Leaky Ledger – The Daily Gwei #143 The Daily Gwei

A few months ago hardware wallet manufacturer Ledger announced that they had suffered a data breach and customer records were leaked (including physical addresses). At the time, the database containing these records wasn’t public but was being sold on the deep web for large sums of money (5 BTC+). Well, today that database was released publicly and now anyone in the world can view it for free.

There’s no sugar-coating this – it is a monumental failure from Ledger and a catastrophic breach of trust. Everyone who purchased a Ledger device from 2019 to the time of the breach has had their personal information leaked to the world (including their physical addresses!!!). This would normally be really bad no matter where this information came from but what makes this so much worse is that Ledger only sells one type of product – a hardware wallet for your cryptocurrency. So basically now the entire world knows where you live if you used your home address as your postal address when you bought a Ledger product and they know that you hold crypto.

To try and be a little more nuanced and positive about this I want to offer a maybe rather unpopular view here. If someone really wanted to target you and steal your crypto/hardware wallet, there are already numerous ways to obtain your home address. I recently found out that if you’re a registered voter in the U.S. then your home address is already of public record (in most states). On top of this, it’s trivially easy to get someone to give up their home address if you already have their phone number or email – just send them a well-crafted phishing email. Now, I’m not saying this to downplay the severity of the situation here or anything but I personally don’t think we’ll be seeing many actual $5 wrench attacks as a result of this leak (and I say this as a very public person who had all of his details leaked). Unfortunately though I do expect a lot of phishing emails and threats being sent to those exposed in the leak which is extremely unnerving!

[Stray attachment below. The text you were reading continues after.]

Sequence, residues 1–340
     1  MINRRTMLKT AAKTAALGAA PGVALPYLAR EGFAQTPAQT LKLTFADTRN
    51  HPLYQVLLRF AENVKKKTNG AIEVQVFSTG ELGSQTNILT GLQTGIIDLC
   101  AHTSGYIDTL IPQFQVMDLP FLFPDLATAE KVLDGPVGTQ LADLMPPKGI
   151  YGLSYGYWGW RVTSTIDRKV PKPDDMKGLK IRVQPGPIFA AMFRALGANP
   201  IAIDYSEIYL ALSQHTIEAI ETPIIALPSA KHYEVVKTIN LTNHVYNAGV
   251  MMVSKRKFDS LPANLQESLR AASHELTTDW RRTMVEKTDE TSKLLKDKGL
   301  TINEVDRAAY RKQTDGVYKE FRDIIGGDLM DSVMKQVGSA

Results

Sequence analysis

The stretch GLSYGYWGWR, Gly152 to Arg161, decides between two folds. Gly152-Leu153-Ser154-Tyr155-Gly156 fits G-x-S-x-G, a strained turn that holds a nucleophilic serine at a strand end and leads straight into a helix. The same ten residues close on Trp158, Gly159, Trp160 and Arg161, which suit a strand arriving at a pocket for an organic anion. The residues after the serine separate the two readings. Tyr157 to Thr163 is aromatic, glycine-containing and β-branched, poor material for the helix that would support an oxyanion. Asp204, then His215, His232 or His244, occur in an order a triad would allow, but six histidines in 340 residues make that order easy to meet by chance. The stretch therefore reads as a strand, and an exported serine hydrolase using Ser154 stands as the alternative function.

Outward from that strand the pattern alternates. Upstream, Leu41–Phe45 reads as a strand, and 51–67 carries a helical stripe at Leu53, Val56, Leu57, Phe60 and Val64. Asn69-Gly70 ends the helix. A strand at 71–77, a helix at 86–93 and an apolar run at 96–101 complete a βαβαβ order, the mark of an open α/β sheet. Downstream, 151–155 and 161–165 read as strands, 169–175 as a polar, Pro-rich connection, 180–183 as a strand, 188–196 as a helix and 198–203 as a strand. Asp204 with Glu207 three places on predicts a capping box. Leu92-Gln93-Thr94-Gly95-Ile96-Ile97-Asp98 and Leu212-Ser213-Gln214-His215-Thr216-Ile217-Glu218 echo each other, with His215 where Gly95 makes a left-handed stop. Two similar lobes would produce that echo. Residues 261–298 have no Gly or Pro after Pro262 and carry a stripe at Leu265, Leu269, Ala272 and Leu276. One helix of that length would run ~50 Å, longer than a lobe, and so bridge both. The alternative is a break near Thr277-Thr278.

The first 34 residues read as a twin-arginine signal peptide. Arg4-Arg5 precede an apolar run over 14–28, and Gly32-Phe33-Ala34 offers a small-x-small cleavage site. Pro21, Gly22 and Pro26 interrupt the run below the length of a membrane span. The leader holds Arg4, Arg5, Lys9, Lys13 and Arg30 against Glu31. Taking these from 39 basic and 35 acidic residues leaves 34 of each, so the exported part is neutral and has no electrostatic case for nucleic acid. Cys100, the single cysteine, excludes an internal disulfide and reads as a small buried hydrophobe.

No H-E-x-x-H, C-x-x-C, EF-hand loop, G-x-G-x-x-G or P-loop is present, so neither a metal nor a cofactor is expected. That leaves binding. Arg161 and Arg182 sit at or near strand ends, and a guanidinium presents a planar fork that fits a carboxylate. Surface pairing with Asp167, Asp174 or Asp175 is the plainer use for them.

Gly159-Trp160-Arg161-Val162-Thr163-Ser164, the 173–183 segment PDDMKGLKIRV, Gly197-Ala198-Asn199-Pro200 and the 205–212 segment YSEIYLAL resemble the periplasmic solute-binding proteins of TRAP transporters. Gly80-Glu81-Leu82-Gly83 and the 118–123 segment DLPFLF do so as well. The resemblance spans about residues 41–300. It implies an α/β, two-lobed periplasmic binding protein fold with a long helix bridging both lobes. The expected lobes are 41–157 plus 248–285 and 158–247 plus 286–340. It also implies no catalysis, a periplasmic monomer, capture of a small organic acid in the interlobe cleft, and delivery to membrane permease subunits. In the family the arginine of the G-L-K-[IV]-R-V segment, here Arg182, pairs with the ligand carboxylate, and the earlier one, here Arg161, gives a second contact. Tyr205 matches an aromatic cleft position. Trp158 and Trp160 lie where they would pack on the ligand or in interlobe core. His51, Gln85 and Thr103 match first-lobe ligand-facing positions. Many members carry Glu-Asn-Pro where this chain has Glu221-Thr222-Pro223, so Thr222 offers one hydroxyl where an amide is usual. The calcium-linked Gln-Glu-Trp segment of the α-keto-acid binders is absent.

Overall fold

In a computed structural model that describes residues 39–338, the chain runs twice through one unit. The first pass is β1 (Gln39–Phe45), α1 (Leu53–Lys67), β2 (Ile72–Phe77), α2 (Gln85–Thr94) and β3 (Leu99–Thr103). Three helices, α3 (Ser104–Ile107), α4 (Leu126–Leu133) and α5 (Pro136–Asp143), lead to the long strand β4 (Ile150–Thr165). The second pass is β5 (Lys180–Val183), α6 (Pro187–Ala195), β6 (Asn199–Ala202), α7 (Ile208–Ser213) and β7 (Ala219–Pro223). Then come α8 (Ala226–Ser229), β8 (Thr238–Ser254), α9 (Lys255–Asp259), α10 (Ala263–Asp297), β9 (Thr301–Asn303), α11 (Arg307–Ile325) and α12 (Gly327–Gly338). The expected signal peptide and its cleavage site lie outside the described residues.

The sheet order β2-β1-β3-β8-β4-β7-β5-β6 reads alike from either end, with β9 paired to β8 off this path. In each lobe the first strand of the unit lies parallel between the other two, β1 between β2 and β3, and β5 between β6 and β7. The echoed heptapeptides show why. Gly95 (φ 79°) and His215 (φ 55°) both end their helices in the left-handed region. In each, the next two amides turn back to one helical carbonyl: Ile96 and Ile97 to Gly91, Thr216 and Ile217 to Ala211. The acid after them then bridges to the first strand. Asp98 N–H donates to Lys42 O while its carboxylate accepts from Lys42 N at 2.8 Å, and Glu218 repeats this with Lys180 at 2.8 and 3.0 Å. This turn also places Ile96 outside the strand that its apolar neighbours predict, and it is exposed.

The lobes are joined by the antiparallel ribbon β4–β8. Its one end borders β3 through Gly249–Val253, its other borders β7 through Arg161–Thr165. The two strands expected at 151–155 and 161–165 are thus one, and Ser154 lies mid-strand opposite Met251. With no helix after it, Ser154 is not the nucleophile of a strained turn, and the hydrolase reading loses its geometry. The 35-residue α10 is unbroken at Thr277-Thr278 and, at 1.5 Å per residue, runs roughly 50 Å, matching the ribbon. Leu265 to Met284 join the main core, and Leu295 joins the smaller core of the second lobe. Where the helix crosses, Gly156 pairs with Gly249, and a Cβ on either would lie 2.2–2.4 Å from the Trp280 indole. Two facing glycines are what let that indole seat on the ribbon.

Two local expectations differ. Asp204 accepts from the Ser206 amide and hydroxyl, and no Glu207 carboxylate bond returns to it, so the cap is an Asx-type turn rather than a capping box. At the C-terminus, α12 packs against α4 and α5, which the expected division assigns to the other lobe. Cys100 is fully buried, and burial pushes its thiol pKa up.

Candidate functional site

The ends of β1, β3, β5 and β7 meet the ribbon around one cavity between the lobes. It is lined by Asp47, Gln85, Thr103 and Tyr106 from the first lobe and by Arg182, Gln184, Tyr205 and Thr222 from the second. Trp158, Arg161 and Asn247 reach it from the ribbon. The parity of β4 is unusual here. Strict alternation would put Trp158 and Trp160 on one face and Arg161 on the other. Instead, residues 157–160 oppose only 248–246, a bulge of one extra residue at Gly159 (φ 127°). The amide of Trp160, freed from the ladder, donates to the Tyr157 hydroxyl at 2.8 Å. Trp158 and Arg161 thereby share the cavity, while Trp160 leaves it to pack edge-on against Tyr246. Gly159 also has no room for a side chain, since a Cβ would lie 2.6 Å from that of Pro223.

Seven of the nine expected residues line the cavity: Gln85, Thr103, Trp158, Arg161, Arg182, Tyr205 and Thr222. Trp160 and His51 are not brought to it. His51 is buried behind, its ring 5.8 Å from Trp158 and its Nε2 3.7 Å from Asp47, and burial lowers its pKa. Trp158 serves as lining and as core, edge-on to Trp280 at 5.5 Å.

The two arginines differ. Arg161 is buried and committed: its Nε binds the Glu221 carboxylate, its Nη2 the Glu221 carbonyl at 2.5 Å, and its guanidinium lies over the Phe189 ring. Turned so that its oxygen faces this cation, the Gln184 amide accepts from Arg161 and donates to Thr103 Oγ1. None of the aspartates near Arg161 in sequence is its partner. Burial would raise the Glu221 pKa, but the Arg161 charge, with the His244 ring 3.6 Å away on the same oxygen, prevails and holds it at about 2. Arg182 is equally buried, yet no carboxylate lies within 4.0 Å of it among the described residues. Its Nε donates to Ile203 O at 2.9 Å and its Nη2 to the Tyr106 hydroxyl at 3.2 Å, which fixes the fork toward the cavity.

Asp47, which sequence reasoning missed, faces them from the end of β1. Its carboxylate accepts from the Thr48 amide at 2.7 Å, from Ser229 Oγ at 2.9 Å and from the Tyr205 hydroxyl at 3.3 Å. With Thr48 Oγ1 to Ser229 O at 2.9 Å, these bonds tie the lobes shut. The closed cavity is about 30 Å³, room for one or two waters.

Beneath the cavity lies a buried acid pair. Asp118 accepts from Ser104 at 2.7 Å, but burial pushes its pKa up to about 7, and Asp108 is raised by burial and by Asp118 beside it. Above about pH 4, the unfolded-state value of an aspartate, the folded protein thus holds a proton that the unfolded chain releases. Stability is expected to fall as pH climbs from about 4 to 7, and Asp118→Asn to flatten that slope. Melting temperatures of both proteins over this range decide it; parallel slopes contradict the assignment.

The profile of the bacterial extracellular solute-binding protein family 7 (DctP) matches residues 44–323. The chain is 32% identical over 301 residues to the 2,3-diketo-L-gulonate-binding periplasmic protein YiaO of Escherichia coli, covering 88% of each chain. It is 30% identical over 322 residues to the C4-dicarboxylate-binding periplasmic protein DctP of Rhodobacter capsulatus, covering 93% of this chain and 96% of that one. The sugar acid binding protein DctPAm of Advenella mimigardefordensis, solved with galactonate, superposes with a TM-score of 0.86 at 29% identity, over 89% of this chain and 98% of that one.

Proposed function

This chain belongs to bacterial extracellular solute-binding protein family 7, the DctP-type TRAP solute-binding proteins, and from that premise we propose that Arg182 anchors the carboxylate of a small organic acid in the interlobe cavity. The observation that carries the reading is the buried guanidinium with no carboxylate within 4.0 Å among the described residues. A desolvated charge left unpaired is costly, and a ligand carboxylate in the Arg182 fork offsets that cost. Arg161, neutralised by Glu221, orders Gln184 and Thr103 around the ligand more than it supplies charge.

Now to bring this all back to Ethereum and DeFi. As you all know, DeFi apps don’t require KYC and the only information you need to give them is your Ethereum wallet address (and sometimes they’ll ask for an email address but this is optional). This is obviously one of the major draws of DeFi as KYC is both unpopular for self-sovereign individuals and a liability for companies as the data is very personal data and if leaked, can lead to even worse consequences than the Ledger breach. For example, someone could steal your identity if they had scans of your passport and/or drivers license or they could potentially access one of your crypto exchange accounts.

Okay, so here’s what you can do to protect yourself now that your information is out there:

  • Make sure that you remove SMS 2FA from everywhere and use Google Authenticator or Authy instead

  • Make use of P.O. boxes instead of shipping things to your home address

  • Change your passwords or use a password manager like 1Password

  • Store your hardware wallet and seed phrase in a safe place (ideally completely separate to each other)

  • Be careful not to click on links in emails that you don’t recognize or remember subscribing to (even then, be extra vigilant)

  • Ignore all SMS messages from a contact claiming to be ‘Ledger’

Staying safe online doesn’t have to be a nightmare and can be relatively straight forward for most people who follow some basic hygiene steps such as the ones I’ve listed above. Stay safe out there everyone!

Have a great day everyone,
Anthony Sassano

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All information presented above is for educational purposes only and should not be taken as investment advice.

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